“Public Cloud” Popular Choice Among SMEs in the Philippines
EMC Philippines provides end to end information technology storage solutions to enterprises in the Philippines.
Latinazo explained that because of the cost savings in adopting “public cloud,” it is a popular choice among small and medium businesses.
In a public cloud, a service provider provides the public with available storage over the Internet using resources such as software. Private cloud, on the other hand, is the same service except that private resources such as networks, hardware and software are only exclusively available to the owner.
SMB’s in the Philippines are less worried about moving to the public cloud because they are not as sensitive about the types of information they will migrate to the said service, Latinazo further explained. Countries dominated by large enterprises will be more delayed in adopting cloud computing as they will have more issues regarding the security of moving their data to shared resources, he noted.
However, Latinazo still believes that businesses will eventually adopt a hybrid of private and public cloud services due to cost considerations.
“Historically, we see the adoption of new technology is driven by the need for greater cost efficiencies. The cloud will be no different,” he stressed.
According to EMC, most organizations spend roughly 75 percent of their information technology budgets “just keeping the lights on” with only 25 percent left over for innovation. Cloud computing is expected to free up to 50 percent of this budget for innovation to make enterprises more responsive to their business needs.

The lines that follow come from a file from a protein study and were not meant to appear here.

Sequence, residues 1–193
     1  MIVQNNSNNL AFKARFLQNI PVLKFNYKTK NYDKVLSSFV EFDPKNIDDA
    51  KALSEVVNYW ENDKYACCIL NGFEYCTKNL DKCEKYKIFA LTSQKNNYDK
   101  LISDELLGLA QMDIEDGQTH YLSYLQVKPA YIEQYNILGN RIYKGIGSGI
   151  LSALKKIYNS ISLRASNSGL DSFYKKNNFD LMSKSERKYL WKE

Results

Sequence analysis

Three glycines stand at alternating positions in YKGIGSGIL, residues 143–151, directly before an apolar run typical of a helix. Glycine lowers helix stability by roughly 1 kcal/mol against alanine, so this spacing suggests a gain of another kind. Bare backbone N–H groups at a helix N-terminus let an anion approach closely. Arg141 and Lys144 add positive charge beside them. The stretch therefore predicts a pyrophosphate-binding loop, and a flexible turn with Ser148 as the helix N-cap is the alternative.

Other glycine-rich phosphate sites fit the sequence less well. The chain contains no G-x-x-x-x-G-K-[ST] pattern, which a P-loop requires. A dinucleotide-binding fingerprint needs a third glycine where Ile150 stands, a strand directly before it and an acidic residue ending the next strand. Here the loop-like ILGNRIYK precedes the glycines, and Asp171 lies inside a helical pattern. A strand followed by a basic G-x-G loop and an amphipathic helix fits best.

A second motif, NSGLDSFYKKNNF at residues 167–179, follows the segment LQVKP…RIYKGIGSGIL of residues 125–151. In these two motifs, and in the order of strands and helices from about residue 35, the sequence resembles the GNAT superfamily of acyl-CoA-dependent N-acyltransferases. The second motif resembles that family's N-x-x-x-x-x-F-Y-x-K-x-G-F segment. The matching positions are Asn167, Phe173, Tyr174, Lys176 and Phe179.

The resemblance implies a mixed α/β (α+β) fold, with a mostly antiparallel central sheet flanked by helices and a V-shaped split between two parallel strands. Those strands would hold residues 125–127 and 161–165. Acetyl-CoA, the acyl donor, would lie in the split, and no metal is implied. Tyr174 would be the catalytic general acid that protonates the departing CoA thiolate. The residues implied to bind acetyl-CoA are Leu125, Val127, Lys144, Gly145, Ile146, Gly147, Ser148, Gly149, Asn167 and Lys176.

In fact, in Singapore, IT spending is expected to grow by 26 percent over the next four years. This could mean a forecasted 30.6 percent growth in cloud-generated jobs for the country.
According to an International Data Corp. (IDC) report commissioned by Microsoft Corp., cloud computing is expected to create over 12,000 new jobs in Singapore by 2015. The report also predicted that cloud computing will create nearly 14 million new jobs globally by then. Revenues from cloud innovation will reach $1.1 trillion per year, the report said.
John Gantz, chief research officer and senior vice president at IDC noted that a common misconception about cloud computing is that it is a job eliminator.
“But in truth it will be a job creator—a major one,” he said.
Gantz also expects job growth to occur across borders and throughout organizations of all sizes because emerging markets, small cities and small businesses have the same access to cloud benefits as large enterprises or developed nations.
IDC’s report detailed how specific industries would generate job growth at different rates. It also said that public cloud investments will drive job growth faster than private sector investments.
In fact, China and India are expected to produce nearly 6.8 million cloud-enabled jobs between 2011 and 2015.
“We tend to think of China and India as emerging markets, but they’re actually early adopters of the cloud,” Gantz noted. “They are not bound to existing systems. They have skipped that step, so there’s less holding them back,” he added.
Article reference – Click Here.
Press release from 2009 is dated but shows the direction EMC has been taking in the Philippines – Click Here.